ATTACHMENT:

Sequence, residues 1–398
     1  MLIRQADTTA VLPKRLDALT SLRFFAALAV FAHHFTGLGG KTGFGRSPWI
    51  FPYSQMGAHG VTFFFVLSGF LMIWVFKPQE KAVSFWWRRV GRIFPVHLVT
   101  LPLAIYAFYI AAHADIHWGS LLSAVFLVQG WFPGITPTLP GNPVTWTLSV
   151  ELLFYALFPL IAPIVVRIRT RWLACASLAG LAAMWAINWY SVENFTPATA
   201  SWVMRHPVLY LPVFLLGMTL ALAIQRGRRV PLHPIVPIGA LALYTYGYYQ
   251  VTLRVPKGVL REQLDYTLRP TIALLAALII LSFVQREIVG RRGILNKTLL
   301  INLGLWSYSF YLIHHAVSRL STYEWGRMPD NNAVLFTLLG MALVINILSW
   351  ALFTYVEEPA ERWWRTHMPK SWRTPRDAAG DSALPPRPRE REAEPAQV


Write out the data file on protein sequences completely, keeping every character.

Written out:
Sequence, residues 1–398
     1  MLIRQADTTA VLPKRLDALT SLRFFAALAV FAHHFTGLGG KTGFGRSPWI
    51  FPYSQMGAHG VTFFFVLSGF LMIWVFKPQE KAVSFWWRRV GRIFPVHLVT
   101  LPLAIYAFYI AAHADIHWGS LLSAVFLVQG WFPGITPTLP GNPVTWTLSV
   151  ELLFYALFPL IAPIVVRIRT RWLACASLAG LAAMWAINWY SVENFTPATA
   201  SWVMRHPVLY LPVFLLGMTL ALAIQRGRRV PLHPIVPIGA LALYTYGYYQ
   251  VTLRVPKGVL REQLDYTLRP TIALLAALII LSFVQREIVG RRGILNKTLL
   301  INLGLWSYSF YLIHHAVSRL STYEWGRMPD NNAVLFTLLG MALVINILSW
   351  ALFTYVEEPA ERWWRTHMPK SWRTPRDAAG DSALPPRPRE REAEPAQV